It's taken three years, but Fox has finally gotten around to issuing its own new edition of 'The Illusionist' as a Blu-ray + DVD 2-disc set. The Blu-ray starts playback immediately and has no main menu screen, just a pop-up menu that only offers audio options. (Ironically, this is the exact opposite of the Italian Blu-ray, which had only a DVD-style main menu and no interactive pop-up menus.) There are no extra features at all on the Blu-ray disc; all supplements are found only on the DVD in the case.
'The Illusionist' has very stylized cinematography designed to emulate silent films and period photographs. The color palette has been intentionally desaturated and is dominated by burnished hues and amber flesh tones. In addition, the flashback sections of the narrative go a few steps further by adding deliberate flicker and vignetting. With that in mind, the 1080p/AVC MPEG-4 transfer provides a very faithful viewing experience. The movie was never meant to have that "through a window" crystal clarity of material shot on HD video. It's meant to have an aged, old-timey appearance, which is captured well here.
Despite the diffuse photography, the high-def transfer has a very strong sense of textural detail. Close-ups are often quite revealing of skin pores and facial hair. If anything, they are perhaps too revealing of the many fake mustaches and beards worn by the cast.
Film grain is usually faint in appearance. In a few scenes, the actors have a sort of glossed-over look, but that appears to be more a combination of heavy makeup, soft lighting, and gauze filters over the camera lens than any fault of Digital Noise Reduction. The disc doesn't have the mushy or plastic look associated with heavy DNR.
The picture's black levels are very deep. Perhaps too deep. There are many dark scenes in the film featuring actors wearing dark clothing in dimly-lit settings. Many of them have indistinct shadow detail. Whether that's intentional or not, I'm not certain. I wouldn't say it's seriously distracting, but it did stand out to me.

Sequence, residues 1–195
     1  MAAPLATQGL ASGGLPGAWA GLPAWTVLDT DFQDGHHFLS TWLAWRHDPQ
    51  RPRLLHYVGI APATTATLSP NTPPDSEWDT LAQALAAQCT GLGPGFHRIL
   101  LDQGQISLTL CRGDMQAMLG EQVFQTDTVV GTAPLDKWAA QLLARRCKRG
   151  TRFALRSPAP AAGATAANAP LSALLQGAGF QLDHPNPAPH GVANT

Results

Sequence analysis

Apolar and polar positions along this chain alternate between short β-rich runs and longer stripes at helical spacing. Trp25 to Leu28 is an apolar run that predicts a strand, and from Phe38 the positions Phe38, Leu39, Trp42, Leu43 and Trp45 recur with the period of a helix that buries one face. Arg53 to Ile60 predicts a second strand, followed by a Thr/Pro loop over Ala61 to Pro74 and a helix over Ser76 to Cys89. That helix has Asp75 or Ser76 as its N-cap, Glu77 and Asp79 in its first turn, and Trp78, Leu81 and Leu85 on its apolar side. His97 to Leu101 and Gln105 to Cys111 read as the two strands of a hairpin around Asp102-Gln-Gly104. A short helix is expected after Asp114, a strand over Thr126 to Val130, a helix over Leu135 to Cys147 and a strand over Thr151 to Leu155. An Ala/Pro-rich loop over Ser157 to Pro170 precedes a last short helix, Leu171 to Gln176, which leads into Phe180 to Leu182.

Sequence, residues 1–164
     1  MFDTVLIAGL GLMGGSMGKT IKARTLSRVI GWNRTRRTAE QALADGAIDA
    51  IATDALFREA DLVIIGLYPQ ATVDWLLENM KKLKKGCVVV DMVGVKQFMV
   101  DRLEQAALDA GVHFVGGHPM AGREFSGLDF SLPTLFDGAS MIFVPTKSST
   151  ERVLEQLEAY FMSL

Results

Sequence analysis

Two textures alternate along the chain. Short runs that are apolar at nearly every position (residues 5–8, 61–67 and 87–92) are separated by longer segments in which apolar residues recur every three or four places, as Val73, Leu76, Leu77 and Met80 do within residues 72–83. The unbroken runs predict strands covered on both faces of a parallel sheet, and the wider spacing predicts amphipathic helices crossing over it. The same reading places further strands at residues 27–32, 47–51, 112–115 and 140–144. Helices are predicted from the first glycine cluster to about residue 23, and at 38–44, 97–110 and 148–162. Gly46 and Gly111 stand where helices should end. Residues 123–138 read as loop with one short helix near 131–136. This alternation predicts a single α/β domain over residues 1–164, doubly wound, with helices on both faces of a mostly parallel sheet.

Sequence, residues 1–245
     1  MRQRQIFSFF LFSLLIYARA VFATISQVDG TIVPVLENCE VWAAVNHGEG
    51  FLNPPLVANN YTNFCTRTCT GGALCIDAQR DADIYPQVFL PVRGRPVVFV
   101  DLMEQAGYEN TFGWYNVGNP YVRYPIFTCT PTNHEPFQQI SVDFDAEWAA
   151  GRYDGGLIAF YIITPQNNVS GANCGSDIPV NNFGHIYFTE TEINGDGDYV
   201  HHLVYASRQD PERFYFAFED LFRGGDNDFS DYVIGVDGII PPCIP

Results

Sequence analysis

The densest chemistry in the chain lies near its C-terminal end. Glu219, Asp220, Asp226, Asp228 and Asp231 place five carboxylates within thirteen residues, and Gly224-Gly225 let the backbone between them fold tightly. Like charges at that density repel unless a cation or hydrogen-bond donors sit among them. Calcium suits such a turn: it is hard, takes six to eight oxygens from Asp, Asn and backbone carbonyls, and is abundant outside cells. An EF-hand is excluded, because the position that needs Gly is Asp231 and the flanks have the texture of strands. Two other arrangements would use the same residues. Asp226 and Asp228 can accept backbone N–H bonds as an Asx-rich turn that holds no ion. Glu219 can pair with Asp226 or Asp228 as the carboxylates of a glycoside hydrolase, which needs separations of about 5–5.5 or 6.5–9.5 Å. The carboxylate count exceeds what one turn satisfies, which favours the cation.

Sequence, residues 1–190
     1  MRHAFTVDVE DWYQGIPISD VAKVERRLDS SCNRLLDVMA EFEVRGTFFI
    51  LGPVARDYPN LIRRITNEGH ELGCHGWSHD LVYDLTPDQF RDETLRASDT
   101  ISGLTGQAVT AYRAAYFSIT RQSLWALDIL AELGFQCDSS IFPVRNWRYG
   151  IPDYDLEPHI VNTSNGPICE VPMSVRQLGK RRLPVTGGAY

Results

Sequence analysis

The Blu-ray has been compressed onto a single-layer BD-25 disc. Generally, the digital compression quality is adequate. However, some blocky artifacting is evident around the 1 hr. 18 min. mark. The disc also has a recurring problem with color banding in contrast gradients, especially during the love scene in Chapter 9. I noted a similar issue in my review of the Italian Blu-ray, but said at the time that it was minor. This time, it stood out to me as much worse (even more so on the Italian disc than this one). I've changed projectors in the meantime, and my new unit may be emphasizing the issue. But I also checked both discs on a separate monitor and still saw some (though perhaps not as severe) banding there. So, it would appear that there's definitely something wrong with the disc in this regard. How much it stands out may vary depending on your specific viewing hardware.
As noted, I dragged the Italian disc out for comparison again. I found the banding worse there. I would also say that the new American Blu-ray is slightly sharper and just a bit better overall. The difference is very slight, though. I don't think the improvement is dramatic enough to require an upgrade just for video quality alone. Both discs are very good.
Whereas the Italian disc is slightly letterboxed to a 1.85:1 aspect ratio, the Fox disc is presented in an open matte 16:9 transfer – despite indications to the contrary on the packaging. The difference is negligible and doesn't affect the compositional intent of the photography.
Where the new American Blu-ray certainly exceeds the older Italian disc is sound quality. The movie's soundtrack has been upgraded to lossless DTS-HD Master Audio 5.1 format. (The disc also has a redundant Dolby Digital 5.1 track.) The difference is most audible in the Philip Glass score, which here has more heft and body, and fills the room better. Dialogue is also less bright.
This is still not a particularly action-packed sound mix. Bass usage is moderate, and surround envelopment is limited at best. The few gunshots in the movie deliver a nice bracing kick, however. If not an auditory rollercoaster, 'The Illusionist' is nevertheless a very nice-sounding movie, and the lossless track offers a notable improvement in fidelity.
All bonus features are found on Disc 2, which is simply a pressing of the original DVD release from 2007.
The biggest mystery about 'The Illusionist' is what has taken Fox so long to release it on Blu-ray. The film is an engaging period thriller with compelling performances and atmosphere. The high-def disc looks and sounds pretty great overall, despite a few flaws. Unfortunately, other than the commentary, the other bonus features are worthless. Still, this is a worthy recommendation.
Portions of this review also appear in our coverage of Dunkirk on Blu-ray. This post features unique Vital Disc Stats, Video, and Final Thoughts sections.